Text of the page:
Robustness of Bistable Switches in Gene Regulatory Networks
Independent thesis Advanced level (professional degree), 20 credits / 30 HE creditsStudent thesis
Gene expression often reacts to intra- and extra-cellular signals in an ”on-off” switchlike manner. These switches, which display hysteresis, correspond to multiple steady-state solutions of the gene regulatory network and are created through saddle-node bifurcations at which a single real eigenvalue of the local Jacobian crosses the imaginary axis for changes in some system parameter. From control theory, it is well known that such an instability can be induced by a single positive feedback loop, possibly involving only a single gene and its corresponding mRNA. However, experimental results have suggested that bistable switches often involve several interlinked feedback loops. Since such a design is relatively costly, it is reasonable to assume that the excessive loops serve a purpose. A standing hypothesis is that the existence of multiple loops improves both the performance and the robustness of the switches. With performance is here understood the speed of switching, while robustness usually refers to the sensitivity of the switch with respect to noisy signals. The aim of this project is to consider these claims, and in particular the one concerning robustness, from a control theoretic perspective. First, an analysis of some specific biological examples will be performed, considering robustness both with respect to noise and with respect to model (systems) perturbations. In the second part, the aim is to propose a multiple loop design that provides optimal robustness.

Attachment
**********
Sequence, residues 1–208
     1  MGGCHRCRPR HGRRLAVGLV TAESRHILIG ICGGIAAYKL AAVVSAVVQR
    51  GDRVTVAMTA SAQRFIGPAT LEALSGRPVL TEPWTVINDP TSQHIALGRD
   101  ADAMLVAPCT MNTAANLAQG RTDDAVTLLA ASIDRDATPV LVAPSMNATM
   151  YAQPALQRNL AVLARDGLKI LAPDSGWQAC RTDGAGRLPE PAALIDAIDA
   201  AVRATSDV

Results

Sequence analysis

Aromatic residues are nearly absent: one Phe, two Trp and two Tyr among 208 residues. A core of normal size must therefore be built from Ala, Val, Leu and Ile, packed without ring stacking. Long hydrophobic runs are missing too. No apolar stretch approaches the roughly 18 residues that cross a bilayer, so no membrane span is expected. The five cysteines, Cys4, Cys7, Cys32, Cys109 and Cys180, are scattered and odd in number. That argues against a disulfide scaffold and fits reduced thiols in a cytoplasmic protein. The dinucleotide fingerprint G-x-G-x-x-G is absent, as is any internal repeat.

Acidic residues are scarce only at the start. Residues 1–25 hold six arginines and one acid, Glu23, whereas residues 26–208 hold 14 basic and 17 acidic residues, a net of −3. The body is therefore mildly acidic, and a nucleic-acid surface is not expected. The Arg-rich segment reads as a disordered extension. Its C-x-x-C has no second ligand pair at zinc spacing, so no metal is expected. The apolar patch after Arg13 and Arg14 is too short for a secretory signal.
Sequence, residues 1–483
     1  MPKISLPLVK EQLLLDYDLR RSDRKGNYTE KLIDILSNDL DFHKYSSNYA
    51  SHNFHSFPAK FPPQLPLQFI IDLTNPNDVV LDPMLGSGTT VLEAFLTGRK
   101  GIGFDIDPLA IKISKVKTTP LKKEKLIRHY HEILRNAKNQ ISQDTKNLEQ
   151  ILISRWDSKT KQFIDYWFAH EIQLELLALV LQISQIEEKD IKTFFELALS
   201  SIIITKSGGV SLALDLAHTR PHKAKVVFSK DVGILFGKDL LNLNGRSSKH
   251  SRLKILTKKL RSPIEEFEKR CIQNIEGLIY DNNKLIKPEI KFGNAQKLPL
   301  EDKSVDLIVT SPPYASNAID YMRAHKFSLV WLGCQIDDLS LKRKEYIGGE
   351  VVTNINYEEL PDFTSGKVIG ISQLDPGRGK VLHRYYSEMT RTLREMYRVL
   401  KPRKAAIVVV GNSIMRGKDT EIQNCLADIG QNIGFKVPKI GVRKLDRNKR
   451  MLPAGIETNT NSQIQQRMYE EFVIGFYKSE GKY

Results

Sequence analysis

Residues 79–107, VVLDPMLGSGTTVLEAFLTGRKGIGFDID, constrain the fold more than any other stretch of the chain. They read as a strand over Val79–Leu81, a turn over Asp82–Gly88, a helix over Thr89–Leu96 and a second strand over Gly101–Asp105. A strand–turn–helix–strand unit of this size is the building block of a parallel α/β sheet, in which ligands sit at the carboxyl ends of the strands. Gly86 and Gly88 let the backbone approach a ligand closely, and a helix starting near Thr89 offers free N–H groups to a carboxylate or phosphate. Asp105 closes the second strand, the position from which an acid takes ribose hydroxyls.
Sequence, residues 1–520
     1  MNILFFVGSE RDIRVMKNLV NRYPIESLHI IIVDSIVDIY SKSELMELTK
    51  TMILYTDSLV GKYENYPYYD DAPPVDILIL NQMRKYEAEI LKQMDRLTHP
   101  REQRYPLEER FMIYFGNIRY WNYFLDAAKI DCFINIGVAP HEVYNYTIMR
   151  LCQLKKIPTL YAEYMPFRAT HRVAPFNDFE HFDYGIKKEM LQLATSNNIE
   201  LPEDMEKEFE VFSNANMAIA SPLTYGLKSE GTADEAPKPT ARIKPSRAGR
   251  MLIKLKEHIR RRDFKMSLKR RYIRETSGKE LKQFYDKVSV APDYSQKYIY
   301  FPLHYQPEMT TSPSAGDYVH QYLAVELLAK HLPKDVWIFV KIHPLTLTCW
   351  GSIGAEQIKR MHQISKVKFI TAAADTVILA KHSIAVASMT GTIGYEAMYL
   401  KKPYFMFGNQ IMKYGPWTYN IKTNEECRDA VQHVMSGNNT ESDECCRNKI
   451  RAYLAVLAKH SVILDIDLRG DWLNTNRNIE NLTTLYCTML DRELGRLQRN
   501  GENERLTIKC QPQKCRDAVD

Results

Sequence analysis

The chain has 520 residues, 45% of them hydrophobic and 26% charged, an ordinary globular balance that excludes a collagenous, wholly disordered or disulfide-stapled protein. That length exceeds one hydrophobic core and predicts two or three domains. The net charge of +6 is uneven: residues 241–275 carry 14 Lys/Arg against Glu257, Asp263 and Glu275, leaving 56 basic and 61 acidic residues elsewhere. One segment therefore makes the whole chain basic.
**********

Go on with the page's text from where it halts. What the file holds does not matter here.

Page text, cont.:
Place, publisher, year, edition, pages
2007. , 67 p.
IdentifiersURN: urn:nbn:se:kth:diva-106248OAI: oai:DiVA.org:kth-106248DiVA: diva2:573475
Subject / course
Master of Science in Engineering
Jacobsen, Elling W